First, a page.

MALAYSIA Tanah Tumpah Darahku



Thursday, March 31, 2022

Racial discrimination on the rise


Amid all the political noise, the “Malaysia Racial Discrimination Report 2021” released by rights NGO Pusat Komas last week went almost unnoticed.

When I began reading the report, I was on the verge of feeling despondent but some bits of information towards the end lifted me up.

First, as they say, the bad news. According to Pusat Komas the number of incidents of racial discrimination and racism more than doubled from 21 in 2020 to 53 in 2021

We all know that racial discrimination exists although most people don’t talk about it openly either because they fear being prosecuted under one of the many preventive laws or the the Communications and Multimedia Act 1998, or because it is not the Asian or Malaysian way.

Anyone who suggests that racial discrimination has been institutionalised in the nation is likely to be torn apart by ruling politicians and paid cybertroopers, so people usually stay clear of this. It is actually the biggest elephant in the room.

This seventh annual documentation of racial discrimination in the country by Pusat Komas reveals that race and religion continue to be used as a political weapon by political actors and public leaders.

And despite all the sloganeering and beautiful words, and even good plans, hardly anything gets done on the ground to improve the situation.

The report says: “The year 2021 has seen its fair share of inclusive policies and sloganeering aimed to embrace the spirit of inclusivity, unity, and respect among all Malaysians. However, these initiatives were undermined by hypocrisy, as the government trumpeted inclusivity and togetherness but reverted to the use of racial rhetoric to seize and maintain power. Race-based approaches towards policy planning continue to obscure class divisions which eventually perpetuate systems of inequality.”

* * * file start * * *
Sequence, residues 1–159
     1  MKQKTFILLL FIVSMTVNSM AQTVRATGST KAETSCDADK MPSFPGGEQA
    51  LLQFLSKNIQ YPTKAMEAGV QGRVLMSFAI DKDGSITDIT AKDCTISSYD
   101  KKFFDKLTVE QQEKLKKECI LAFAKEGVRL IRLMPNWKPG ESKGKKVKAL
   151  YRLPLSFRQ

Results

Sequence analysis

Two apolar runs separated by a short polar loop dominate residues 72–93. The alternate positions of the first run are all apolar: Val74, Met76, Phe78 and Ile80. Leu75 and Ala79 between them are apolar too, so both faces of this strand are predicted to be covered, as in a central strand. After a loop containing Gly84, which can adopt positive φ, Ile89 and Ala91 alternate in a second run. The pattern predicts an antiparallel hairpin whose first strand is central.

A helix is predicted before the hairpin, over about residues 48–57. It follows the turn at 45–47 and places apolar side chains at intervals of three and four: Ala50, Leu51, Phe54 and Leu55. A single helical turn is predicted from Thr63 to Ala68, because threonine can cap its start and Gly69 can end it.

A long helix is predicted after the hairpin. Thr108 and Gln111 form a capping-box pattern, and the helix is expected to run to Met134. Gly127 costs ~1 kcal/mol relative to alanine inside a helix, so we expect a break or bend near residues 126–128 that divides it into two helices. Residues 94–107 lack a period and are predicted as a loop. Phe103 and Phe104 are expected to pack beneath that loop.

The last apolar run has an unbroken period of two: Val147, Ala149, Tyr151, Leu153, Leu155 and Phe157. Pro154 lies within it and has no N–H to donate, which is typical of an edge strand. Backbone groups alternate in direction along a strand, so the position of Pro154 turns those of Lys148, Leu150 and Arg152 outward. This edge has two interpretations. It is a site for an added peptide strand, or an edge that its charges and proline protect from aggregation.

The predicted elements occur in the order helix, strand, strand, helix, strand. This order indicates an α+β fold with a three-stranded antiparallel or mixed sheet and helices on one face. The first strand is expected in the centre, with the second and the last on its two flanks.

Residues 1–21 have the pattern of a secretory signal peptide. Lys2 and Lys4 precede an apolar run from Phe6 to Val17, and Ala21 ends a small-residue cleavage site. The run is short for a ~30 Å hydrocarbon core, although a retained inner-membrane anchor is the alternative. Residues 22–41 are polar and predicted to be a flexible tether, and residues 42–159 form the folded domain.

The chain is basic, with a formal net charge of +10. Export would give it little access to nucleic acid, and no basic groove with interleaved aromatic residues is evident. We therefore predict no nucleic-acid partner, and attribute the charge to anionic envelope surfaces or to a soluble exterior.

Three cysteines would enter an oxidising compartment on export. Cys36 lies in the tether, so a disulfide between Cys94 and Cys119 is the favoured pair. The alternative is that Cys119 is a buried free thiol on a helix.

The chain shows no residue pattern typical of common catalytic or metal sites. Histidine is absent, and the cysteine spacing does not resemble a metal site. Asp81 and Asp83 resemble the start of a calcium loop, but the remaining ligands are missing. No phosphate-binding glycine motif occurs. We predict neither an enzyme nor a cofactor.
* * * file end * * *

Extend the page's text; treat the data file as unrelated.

The report said the largest percentage of incidents identified were racial and religious politics (28%), racial and religious provocation (23%), xenophobia (13%), racial discrimination in the education sector (11%), racism in other sectors (11%), racism in the media and internet (8%), and racial discrimination in the business sector (6%).

“Racial politics has ranked highest among all other trends over a five-year period (2017 to 2021) when Malaysia’s government experienced numerous changes in rapid succession: from Barisan Nasional (BN) to Pakatan Harapan (PH), then to Perikatan Nasional (PN), and now to a ‘Keluarga Malaysia’ government. This pattern of trends indicates that the problem of racial politics is not only deep-rooted in Malaysia, but also that its severity is not determined by which government is in power.”

The report details the incidents and names leaders who uttered racist remarks.

What saved the day for me were the 61 initiatives by the government and ordinary people to combat racism, racial discrimination and xenophobia that Pusat Komas identified last year.

It said 49% of these were activities that promoted national unity while the remaining 51% were of people calling out and responding to racial and religious injustices. Bravo to those who did so.

Not surprisingly, incidents of ordinary Malaysians giving a hand to their fellow Malaysians during the floods last year finds a place under the list of initiatives that promoted unity.